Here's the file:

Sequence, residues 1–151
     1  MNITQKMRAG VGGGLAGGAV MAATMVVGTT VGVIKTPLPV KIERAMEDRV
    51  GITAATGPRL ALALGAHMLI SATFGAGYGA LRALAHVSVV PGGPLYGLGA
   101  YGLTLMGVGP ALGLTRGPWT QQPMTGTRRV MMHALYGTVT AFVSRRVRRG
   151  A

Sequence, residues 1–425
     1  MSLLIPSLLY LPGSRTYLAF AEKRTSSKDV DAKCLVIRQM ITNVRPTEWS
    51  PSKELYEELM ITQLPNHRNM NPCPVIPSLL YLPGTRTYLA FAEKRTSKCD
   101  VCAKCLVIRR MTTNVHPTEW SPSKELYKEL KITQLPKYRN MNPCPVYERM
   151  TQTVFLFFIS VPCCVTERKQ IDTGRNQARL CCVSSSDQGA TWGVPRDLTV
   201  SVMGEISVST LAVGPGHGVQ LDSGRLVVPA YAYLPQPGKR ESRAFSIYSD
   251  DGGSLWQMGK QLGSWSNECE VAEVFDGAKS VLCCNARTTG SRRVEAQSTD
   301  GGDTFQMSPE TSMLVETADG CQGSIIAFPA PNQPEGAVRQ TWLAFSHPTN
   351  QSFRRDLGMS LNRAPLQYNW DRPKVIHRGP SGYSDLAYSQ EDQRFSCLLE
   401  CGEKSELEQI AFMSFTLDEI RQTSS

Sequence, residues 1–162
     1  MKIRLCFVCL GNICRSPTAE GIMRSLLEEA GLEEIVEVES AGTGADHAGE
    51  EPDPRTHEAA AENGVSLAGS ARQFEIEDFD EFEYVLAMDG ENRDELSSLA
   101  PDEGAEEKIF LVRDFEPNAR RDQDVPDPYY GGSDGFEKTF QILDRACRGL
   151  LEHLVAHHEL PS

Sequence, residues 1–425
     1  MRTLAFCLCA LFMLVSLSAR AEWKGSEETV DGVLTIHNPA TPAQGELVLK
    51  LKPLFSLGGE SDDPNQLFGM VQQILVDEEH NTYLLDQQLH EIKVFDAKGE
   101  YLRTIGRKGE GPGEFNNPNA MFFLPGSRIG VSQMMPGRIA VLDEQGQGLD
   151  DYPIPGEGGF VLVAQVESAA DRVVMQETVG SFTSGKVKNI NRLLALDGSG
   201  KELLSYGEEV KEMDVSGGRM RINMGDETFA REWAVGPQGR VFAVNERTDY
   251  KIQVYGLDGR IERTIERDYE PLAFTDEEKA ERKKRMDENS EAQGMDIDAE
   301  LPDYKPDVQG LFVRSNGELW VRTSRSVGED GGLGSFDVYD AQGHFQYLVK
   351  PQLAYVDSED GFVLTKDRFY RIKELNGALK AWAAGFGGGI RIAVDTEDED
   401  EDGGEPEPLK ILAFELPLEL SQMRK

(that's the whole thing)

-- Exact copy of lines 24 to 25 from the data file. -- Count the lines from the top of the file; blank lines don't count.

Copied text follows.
   101  YLRTIGRKGE GPGEFNNPNA MFFLPGSRIG VSQMMPGRIA VLDEQGQGLD
   151  DYPIPGEGGF VLVAQVESAA DRVVMQETVG SFTSGKVKNI NRLLALDGSG